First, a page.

So help me, this country needs more sex scandals. Every time a famous man does something untoward, every cultural critic fires back with an article on What Women Really Want. I’ll bet that also happens when a famous woman does something untoward — and, for that matter, whenever the Phoenix Cardinals lose. The mystery of What Women Really Want is so deep, it’s never the wrong time to show up with dynamite and a backhoe.
Yesterday in Salon, Tracy-Clark Flory gave Anthony Weiner’s hairless chest an emphatic thumbs-down. Duly noted, and fair enough. Today in Slate, Annie Lowrey confronts a gordian, um, bulge of opinion on Weiner’s boldest piece of performance art: the unveiled crotch shot. Do women find them sexy?
“We spent six years of research on why women have sex,” Meston says. They compiled 237 reasons. Duty sex. Revenge sex. Pity sex. Bored sex, engaged in because women simply had nothing better to do. “Of the 237 reasons why women have sex,” Meston says, “not one was looking at a man’s genitals.”
Women, research increasingly shows, are nuanced sexual beings whose arousal depends on context, mood and a whole bunch of things they aren’t even aware of. Men are different. Men do tend to find the equivalent naked pictures of women titillating. When they send women photos of their genitalia, they are engaging in a sort of sexting golden rule: I think it’s hot, so you should, too. (If women also employed this rule, they would text pictures of themselves taking out the recycling.)
From there, Lowrey launches what she calls her “earnest, if lonely, defense of the erotic potential of the crotch shot”:
Many women might admit—when not giving silly quotes to publications trawling for tangential Weiner stories—that content matters, too. Penises might not be the most empirically beautiful things to look at. But they are erotic implements. Some women surely welcome the sight, and a few of them have admitted as much. As for what science has to say about it: Studies have found that women self-report and actually experience arousal in reaction to a great variety of sexual images. Plus, just because a photograph does not compel a woman to have sex, using the bar set by the Austin researcher, does not mean she does not find it sexy.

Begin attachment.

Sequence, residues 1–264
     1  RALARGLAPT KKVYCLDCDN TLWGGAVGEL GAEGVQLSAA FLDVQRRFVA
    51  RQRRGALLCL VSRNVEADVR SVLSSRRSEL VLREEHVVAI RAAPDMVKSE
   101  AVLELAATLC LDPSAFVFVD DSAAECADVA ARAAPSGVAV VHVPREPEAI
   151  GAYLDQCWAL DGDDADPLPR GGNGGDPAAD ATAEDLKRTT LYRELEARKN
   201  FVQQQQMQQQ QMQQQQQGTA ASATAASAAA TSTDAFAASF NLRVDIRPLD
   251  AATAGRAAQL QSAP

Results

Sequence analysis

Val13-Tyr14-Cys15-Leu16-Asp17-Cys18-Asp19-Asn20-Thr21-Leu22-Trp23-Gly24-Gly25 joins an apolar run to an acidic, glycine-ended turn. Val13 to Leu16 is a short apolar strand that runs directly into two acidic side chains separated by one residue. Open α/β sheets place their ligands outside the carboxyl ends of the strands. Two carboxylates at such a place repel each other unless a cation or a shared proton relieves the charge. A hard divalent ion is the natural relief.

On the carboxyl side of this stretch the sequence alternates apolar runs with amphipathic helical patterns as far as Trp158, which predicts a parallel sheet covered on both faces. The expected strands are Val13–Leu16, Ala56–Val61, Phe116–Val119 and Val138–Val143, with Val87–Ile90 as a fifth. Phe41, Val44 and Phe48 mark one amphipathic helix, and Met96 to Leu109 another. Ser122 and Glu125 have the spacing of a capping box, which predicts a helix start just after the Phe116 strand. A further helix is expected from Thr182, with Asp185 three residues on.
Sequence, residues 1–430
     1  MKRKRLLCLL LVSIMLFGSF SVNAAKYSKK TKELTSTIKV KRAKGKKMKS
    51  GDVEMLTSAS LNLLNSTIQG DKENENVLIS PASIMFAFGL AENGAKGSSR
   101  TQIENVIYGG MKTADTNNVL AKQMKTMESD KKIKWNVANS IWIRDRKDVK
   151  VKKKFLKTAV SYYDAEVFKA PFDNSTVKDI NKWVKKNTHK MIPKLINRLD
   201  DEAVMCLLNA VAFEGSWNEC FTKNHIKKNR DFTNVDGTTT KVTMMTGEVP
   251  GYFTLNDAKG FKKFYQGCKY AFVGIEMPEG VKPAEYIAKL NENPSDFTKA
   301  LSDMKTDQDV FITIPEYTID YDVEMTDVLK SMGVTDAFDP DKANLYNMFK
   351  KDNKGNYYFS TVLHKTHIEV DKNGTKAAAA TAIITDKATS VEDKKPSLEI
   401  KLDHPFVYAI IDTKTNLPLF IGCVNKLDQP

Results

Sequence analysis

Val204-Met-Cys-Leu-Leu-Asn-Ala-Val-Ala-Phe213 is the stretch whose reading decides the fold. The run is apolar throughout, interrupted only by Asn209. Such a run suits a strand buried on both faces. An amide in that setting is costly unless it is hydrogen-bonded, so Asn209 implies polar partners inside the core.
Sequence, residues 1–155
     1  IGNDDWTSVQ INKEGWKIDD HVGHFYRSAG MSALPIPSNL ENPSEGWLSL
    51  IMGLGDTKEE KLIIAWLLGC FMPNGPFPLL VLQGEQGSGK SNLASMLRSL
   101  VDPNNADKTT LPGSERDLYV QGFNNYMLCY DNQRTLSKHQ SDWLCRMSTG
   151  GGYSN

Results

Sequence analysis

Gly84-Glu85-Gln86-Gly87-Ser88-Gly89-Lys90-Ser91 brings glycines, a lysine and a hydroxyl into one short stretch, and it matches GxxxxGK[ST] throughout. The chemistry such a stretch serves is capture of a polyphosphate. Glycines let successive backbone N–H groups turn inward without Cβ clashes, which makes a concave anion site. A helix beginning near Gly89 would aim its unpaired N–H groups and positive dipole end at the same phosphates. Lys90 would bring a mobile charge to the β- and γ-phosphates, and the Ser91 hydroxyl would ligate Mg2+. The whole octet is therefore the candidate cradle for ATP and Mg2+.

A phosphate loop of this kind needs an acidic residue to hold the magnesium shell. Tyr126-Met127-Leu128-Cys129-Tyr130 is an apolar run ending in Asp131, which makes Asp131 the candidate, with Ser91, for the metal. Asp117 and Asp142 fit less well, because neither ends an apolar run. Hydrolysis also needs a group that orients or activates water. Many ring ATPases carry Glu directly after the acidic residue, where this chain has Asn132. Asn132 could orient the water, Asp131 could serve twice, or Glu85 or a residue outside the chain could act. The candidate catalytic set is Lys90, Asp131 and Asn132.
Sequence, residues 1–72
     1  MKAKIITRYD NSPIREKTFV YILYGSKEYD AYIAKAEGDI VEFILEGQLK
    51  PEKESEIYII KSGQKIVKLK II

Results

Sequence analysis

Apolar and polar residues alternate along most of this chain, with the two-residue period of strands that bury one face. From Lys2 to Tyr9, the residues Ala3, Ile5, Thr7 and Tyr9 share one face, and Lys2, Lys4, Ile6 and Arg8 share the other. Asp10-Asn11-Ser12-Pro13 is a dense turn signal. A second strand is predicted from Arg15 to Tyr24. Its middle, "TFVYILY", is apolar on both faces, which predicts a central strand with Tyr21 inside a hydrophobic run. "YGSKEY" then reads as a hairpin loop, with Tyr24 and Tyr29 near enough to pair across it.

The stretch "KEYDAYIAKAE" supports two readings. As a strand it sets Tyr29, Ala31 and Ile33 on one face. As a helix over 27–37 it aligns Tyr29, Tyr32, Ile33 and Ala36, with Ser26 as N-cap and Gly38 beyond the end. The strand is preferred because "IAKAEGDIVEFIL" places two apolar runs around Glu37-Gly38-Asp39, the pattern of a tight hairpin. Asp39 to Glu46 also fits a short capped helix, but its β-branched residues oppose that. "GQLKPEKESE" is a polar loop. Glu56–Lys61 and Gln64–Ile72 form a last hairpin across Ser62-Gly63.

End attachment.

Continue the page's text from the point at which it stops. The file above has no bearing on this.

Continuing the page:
Then there is the more important, more complex matter of context. A decontextualized, unsolicited phallic photograph seems unlikely to send shivers up any given woman’s spine. But it would be absurd to deny the possible potency of a meaningful, contextualized shot sent to a game recipient. And Weiner’s photographs, for better or worse, do seem to have been those sort of I’ll-show-you-mine-if-you-show-me-yours pics. They were sent with permission and reciprocated, save for one picture mistakenly sent to the wrong person.
While these titans are busy clashing, let’s pause to remember that women aren’t quite the only people on the planet; Guy-erdämmerung is still sometime in the future. There’s another, equally important question that Lowrey, along with her team of experts, appears to find beneath consideration, and that is: What do men expect to get out of sending crotch shots?
To arouse women? Maybe some do, although I would hope that, for these men, the crotch shot doesn’t represent the only prong, so to speak, in their attack. To create a sense of quid pro quo? (To use the common English translation here would be too tasteless, even for me.) In many cases, certainly. I don’t think that’s the only motive, though, or even the most important. To illustrate, let me relate an anecdote.
Once, on a break at work, I saw a female friend pick up her cell phone and let out a long sigh. “He’s at it again,” she muttered, to nobody in particular.
I asked who was at what again. “My friend Jeff,” she said. “He just sent me another picture of his penis. They show up in batches. I won’t hear from him for months, then one day — whoosh! — five penis shots before dinnertime.”
It emerged that she and Jeff had never been lovers. “I’m sure he’d like to sleep with me, but he’s out in L.A., so I don’t think anything’s going to happen, even if I wanted it to, which I don’t.”
Let’s examine the data here: a man is separated from a woman by a six-hour car drive; he’s probably figured out by now she considers him no more than a friend; she’s never sent him any risqué photographs of herself. And yet, at lengthy but regular intervals, he persists in presenting his member for inspection. Why?
To me, it’s obvious: he craves appreciation. More than anything, he wants to hear some variation on “My, that’s quite a penis you’ve got!” Some men would settle for “That’s a perfectly adequate penis you’ve got.” None of the other perks — the reciprocal photograph, the hookup — would be half so easy to enjoy without that initial nihil obstat.
In Jonathan Ames’ Wake Up, Sir!, the hero, Alan, manages to get the lovely Vivian into bed, only to lose heart when she tells him her last several boyfriends were Yoruba. When she assures him he doesn’t fall short of her expectations, he’s ready to perform. Magic words, you might say.
You’re probably curious, so I might as well tell you: no. I’ve never sent out my resume, Weiner-style. Why not? Well, among other reasons, I’ve got a blog. If anyone wants to feast her eyes on my potential for creation — voila. For that kind of advertising, paragraphs are safer than penises. They probably won’t land you in the headlines, and what’s more, you can make them as long as you want.